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An estimated one-in-six Australians will have a stroke during their lifetime.

Blood vessels that carry blood to the brain from the heart are called arteries. Blood contains oxygen and important nutrients for your brain cells. When brain cells do not get enough oxygen or nutrients, they cannot survive. Blood may stop moving through the artery because it is blocked by a blood clot or plaque (ischaemic stroke) or because the artery breaks or bursts (haemorrhagic stroke).

The F.A.S.T. test is recommended by the Stroke Foundation as an easy way to remember the most
common signs of stroke:
Face; Check their face. Has their mouth drooped?
Arms; Can they lift both arms?
Speech; Is their speech slurred? Do they understand you?
Time; Time is critical. If you see any of these signs call 000 straight away.

Most strokes are preventable because they are associated with lifestyle-related risk factors. There are some risk factors for stroke that you cannot do anything about, such as: family history, age, gender (sex) and ethnic background. However, if you have any of these risk factors, improving your lifestyle is even more important to reduce your risk of having a stroke.


Get Active: Aim for at least 30 minutes of moderate-intensity physical activity, such as brisk walking, on most days of the week.

Eat Well:
Eat foods high in fibre and avoid adding salt to foods. Eat a variety of foods, including vegetables, wholegrains lean meats, oily fish, fruit, nuts, seeds and legumes.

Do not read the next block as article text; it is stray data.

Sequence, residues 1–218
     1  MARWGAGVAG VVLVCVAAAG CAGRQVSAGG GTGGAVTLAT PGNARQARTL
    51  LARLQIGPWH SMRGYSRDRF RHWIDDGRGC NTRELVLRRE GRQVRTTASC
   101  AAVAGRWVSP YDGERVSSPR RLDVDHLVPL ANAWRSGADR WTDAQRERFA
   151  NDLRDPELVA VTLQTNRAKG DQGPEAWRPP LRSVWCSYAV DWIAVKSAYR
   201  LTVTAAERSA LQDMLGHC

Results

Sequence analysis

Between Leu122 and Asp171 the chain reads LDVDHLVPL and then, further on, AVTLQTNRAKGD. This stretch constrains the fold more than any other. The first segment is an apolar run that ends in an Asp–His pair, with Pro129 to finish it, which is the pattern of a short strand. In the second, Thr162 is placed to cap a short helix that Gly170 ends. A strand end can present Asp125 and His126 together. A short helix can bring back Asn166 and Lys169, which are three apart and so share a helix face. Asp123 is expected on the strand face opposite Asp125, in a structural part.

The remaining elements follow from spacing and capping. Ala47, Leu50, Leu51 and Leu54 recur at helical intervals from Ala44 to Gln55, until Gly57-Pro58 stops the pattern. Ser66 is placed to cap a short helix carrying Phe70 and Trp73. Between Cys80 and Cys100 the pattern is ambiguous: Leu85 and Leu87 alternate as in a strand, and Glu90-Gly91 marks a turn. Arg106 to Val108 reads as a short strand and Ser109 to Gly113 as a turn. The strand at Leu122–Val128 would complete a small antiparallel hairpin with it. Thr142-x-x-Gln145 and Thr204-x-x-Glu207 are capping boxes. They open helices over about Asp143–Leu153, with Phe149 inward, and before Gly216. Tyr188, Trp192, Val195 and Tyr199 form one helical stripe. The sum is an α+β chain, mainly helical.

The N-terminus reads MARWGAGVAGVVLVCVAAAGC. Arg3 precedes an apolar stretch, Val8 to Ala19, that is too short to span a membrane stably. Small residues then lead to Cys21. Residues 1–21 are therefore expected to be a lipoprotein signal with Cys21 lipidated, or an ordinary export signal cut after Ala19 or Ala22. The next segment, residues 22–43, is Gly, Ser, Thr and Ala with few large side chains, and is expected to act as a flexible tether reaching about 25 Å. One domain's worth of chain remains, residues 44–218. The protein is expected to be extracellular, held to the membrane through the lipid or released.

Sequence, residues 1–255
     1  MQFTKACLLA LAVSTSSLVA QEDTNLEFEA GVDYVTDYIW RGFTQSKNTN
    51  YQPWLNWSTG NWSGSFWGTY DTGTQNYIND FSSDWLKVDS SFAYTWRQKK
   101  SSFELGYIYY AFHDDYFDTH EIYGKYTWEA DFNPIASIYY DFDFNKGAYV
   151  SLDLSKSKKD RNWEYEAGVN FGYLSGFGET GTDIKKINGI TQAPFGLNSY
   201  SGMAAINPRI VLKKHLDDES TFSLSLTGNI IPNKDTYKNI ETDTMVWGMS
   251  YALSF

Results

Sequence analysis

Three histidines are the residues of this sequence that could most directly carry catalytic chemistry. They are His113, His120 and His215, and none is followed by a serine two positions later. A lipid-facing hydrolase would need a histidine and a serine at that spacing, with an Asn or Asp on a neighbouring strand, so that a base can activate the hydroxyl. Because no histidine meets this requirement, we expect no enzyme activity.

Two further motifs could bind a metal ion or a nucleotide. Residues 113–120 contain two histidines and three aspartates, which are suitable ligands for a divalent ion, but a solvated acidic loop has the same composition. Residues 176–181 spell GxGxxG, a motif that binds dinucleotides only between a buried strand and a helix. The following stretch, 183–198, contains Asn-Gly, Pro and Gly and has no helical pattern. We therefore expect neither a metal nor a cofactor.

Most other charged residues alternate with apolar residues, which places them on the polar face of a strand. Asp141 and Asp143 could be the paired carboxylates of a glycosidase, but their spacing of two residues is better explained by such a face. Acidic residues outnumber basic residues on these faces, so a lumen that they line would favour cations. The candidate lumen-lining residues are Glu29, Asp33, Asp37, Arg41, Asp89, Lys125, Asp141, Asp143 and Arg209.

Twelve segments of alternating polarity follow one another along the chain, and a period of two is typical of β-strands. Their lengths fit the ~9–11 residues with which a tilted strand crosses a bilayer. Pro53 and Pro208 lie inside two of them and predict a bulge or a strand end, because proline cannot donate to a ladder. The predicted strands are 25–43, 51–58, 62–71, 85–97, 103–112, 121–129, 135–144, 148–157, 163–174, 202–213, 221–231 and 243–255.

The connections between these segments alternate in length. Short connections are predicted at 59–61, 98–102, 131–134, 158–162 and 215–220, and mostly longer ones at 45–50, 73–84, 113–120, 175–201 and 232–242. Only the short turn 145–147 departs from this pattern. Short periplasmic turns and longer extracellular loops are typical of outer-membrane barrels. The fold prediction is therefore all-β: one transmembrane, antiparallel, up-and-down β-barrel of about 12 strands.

Drink in Moderation:
Drinking too much alcohol can increase your blood pressure. Limit your alcohol intake to two or fewer standard drinks per day.

Quit Smoking: Smoking can make your blood more likely to clot. Quitting smoking will reduce your risk of a stroke, regardless of your age or how long you have smoked.

Take Your Medications:
having any of the following medical conditions can increase your risk of stroke: high blood pressure, high cholesterol, type 2 diabetes, heart disease and irregular heartbeat/atrial fibrillation. It is important to continue to take your medicines as prescribed and have regular check-ups with your doctor. Speak to your Blooms The Chemist pharmacist about managing your medications.

Health Check Procedure

A Blooms The Chemist Stroke Risk Assessment takes less than 10 minutes and is an initial step toward stroke risk prevention.

Your Pharmacist will take your blood pressure and ask a series of simple lifestyle, familial history, and age-related questions, to assess your overall risk of stroke.

Should your Pharmacist consider you to be at-risk of stroke, you will be advised to seek prompt medical advice. Written results will be provided to allow you to share this with your doctor.

Be proactive; get to know your stroke risk factors at your Blooms The Chemist store.